The badger has some close associations with Perrin. Like the badger, Perrin was pretty grouchy at being pulled out of his comfort zone in this chapter. And he is King of the Wild (see Perrin essay). The badger is a fierce and tenacious wild creature. Perrin badgered himself by constantly brooding over his animal/human balance and leadership duties.

Mat’s badger is also a reference to "easing the badger", the name of an Illianer inn (see The Great Hunt inns) where Perrin and Moiraine realised that a Forsaken was out to kill them. Although then it was a single Forsaken, Sammael, who had Perrin (and Moiraine) in his sights, but now it’s Moridin who wants Perrin and Mat dead, and has ordered the other Forsaken to see to it.

Easing the badger has sexual connotations and in fact at the end of the scene Perrin uses the phrase:

How had he gotten past Grady? Light! Perrin shook his head to himself, then bent to untie the sack and ease the poor badger Mat had captured.

Towers of Midnight A Backhanded Request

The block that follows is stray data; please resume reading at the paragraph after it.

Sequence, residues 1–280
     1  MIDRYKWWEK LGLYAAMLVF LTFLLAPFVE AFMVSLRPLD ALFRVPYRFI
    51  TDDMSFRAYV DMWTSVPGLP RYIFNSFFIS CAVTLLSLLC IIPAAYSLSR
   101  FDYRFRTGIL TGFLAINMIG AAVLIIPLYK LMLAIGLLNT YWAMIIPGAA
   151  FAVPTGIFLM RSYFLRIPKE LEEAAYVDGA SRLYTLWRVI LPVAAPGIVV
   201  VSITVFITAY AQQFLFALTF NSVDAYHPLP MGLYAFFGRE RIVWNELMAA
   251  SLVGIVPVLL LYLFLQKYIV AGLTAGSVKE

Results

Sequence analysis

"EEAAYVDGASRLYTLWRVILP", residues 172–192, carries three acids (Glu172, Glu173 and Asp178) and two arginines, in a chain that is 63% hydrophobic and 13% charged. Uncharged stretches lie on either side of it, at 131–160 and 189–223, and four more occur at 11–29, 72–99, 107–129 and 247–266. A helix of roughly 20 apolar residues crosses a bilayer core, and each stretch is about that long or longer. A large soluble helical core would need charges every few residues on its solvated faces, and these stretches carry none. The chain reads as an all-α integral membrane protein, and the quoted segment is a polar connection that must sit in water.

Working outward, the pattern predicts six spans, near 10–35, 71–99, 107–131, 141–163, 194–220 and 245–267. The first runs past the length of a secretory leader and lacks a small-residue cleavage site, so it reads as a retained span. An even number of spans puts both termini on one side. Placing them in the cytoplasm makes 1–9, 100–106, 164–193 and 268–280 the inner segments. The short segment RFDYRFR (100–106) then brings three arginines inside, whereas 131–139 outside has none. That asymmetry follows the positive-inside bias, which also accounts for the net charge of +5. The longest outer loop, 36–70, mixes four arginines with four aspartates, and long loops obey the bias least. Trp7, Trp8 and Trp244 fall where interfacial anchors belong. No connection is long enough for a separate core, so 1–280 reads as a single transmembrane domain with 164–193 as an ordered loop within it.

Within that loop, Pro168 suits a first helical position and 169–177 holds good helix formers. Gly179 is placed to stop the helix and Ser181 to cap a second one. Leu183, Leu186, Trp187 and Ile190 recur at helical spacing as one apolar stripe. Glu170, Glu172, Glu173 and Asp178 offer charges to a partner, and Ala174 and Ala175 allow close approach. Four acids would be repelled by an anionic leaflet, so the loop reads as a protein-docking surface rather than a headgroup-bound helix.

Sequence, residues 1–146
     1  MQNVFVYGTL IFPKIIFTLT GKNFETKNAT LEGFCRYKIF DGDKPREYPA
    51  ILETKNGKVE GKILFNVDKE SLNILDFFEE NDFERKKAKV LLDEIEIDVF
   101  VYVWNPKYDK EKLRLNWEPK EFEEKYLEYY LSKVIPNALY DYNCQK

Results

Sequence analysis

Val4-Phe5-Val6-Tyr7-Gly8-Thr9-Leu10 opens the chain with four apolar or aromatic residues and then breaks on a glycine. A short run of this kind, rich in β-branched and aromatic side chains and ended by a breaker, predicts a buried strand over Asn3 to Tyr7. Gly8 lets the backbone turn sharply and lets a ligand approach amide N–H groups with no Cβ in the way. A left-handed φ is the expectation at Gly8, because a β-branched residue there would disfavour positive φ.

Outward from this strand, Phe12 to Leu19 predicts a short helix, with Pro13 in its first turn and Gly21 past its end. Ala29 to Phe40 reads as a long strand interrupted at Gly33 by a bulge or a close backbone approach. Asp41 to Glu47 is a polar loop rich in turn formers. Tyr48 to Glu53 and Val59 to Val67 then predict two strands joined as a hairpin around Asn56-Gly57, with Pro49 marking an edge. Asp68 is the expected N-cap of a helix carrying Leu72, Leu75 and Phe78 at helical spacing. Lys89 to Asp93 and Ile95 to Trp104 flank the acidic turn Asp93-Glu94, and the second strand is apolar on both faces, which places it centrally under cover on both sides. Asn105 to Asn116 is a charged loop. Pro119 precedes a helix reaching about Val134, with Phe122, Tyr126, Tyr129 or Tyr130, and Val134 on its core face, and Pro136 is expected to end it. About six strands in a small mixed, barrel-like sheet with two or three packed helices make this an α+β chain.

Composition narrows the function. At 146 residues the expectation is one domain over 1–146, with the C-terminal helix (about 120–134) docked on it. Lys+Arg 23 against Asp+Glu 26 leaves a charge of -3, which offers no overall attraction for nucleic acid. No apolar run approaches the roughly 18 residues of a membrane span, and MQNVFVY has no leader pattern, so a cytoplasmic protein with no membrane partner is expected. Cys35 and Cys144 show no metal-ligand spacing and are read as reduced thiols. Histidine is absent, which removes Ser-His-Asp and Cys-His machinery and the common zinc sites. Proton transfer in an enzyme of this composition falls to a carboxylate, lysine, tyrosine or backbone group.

Some trousers and small clothes are closed tied with a drawstring. Morgase and Tallanvor are shortly to consummate their marriage.

There’s a certain irony that careless blithe Mat is warning careful Perrin about the Shadow being out to kill them. As for Mat getting past Grady unnoticed, trickers are good at penetrating borders. (see Tricksters essay)

It seems apt that a backhanded request gets a backhanded ceremony.

Friday, October 10, 2014

Towers of Midnight Read-through #50: Chapter 43 - Some Tea

By Linda

This chapter is more about showing the development of relationships rather than events.

Galad POV

Galad and Perrin continue to find common ground, which promises well for the alliance they make. Galad appears to have rejected the Cairhienin custom of scheming and dissembling in favour of candour:

Others often responded with anger when Galad said what he thought, but he was coming to realize that he didn't need to hold himself back with Perrin. This man responded well to honesty.

Towers of Midnight, Some Tea

I guess Galad is following his Andoran heritage; even though some think he goes too far. With Aes Sedai being as great at, or greater than, scheming as Cairhienin, Cadsuane uses candour as a trap or a weapon:

Cadsuane preferred to be direct, when possible. She had tripped up any number of clever people who had not believed she meant exactly what she said.

The Path of Daggers, New Alliances

Cadsuane and Galad are both considered annoying, or at least heavy-going, by many people around them; they are both competent with very high standards. Another thing they have in common is that the groups they lead have been regarded as pariahs by the populace – and with good reason.